Is “data” singular or plural?

The answer is – both.

The word “data” is a Latin word. It is the plural of “datum”.

“Data” means facts or information; “datum” means one fact or a single item of information.

“Data” and “datum” are usually used to refer to statistical information or information subject to analysis.

“Data” is used far more commonly than “datum” and in a wider range of contexts.

“Datum” is unlikely to appear outside of specialist scientific or academic writing.

As “data” is a plural countable noun in Latin, many people take the view that it should be used in the same way in English. Thus it requires plural verb forms, pronouns and quantifiers, e.g.:

Many of those data have already been entered into the system.
When we have received the data we can start to analyse them.
There are very few data in the set.

This usage is practical for scientific or academic writing because it allows for the use of the singular “datum”.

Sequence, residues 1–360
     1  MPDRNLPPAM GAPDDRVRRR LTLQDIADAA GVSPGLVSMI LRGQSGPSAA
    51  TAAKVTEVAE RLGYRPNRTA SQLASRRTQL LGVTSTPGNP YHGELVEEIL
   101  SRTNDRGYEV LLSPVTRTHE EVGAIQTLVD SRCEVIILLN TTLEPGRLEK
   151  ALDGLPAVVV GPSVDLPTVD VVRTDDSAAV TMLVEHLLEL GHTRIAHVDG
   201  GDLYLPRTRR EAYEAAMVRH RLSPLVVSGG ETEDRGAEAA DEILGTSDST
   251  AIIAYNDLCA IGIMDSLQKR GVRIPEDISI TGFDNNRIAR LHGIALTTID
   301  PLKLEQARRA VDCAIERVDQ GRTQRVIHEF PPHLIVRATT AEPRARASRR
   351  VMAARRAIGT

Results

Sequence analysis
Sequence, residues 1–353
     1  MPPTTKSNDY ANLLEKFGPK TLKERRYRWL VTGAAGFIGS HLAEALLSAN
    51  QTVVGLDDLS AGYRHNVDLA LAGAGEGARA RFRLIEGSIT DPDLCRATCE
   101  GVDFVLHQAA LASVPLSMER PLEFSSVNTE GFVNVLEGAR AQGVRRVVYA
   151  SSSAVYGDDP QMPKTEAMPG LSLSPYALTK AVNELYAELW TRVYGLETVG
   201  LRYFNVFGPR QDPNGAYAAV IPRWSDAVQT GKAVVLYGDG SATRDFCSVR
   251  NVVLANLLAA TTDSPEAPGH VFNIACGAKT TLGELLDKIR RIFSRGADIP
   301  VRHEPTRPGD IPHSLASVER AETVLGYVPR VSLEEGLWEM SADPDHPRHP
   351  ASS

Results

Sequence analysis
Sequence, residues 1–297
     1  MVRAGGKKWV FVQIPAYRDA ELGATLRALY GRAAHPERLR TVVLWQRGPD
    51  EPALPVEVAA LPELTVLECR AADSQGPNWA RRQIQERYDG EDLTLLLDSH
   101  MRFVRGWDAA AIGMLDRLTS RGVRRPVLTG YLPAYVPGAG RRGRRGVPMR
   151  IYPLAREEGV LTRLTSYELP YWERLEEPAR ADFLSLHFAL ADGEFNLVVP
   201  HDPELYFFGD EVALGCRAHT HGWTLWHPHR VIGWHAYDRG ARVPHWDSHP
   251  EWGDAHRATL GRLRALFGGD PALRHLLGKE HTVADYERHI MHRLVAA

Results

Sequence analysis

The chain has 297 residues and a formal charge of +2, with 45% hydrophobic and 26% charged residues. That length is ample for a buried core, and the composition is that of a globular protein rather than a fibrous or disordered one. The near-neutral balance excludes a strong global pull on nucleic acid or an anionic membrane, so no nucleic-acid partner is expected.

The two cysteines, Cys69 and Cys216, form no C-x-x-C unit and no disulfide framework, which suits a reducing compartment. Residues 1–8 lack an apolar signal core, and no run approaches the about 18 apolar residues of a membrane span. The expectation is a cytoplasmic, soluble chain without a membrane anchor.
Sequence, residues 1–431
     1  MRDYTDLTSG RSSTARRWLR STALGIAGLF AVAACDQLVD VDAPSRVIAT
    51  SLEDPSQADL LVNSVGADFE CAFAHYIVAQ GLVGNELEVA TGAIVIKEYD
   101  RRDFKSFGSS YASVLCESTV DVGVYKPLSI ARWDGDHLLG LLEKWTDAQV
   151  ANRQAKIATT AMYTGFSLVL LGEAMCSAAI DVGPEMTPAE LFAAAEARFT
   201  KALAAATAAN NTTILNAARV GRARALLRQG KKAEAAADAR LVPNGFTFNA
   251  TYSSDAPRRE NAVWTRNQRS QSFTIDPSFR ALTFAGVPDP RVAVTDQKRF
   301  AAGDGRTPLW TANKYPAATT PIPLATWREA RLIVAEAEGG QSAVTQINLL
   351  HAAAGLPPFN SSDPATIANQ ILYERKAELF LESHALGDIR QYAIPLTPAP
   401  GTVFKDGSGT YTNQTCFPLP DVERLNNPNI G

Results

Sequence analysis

However, it is increasingly common to use “data” as a singular uncountable noun, as follows:

Much of that data has already been entered into the system.
When we have received the data we can start to analyse it.
There is very little data in the set.

This usage doesn’t really allow for the use of the singular “datum”, so may lack precision in certain contexts.

Usage of “data” as a singular uncountable noun – in the same way as “information” – is now generally accepted in everyday English, so much so that using the word as a plural countable noun can sound incorrect. However, in much scientific and academic writing, where precision is obviously more important, it still tends to be used as a plural countable noun.

It is your choice how to use it in business or legal writing. My preference would be – as always – to use the everyday English version – “data is” – and that is increasingly the preference of contemporary grammarians. But your choice may depend on the context: if you’re writing a quick email to a native English speaker – use “data is”, or if you’re drafting a formal legal opinion on the results of a specific data analysis – use “data are”.

Also see my post on How to use the word “information”

 

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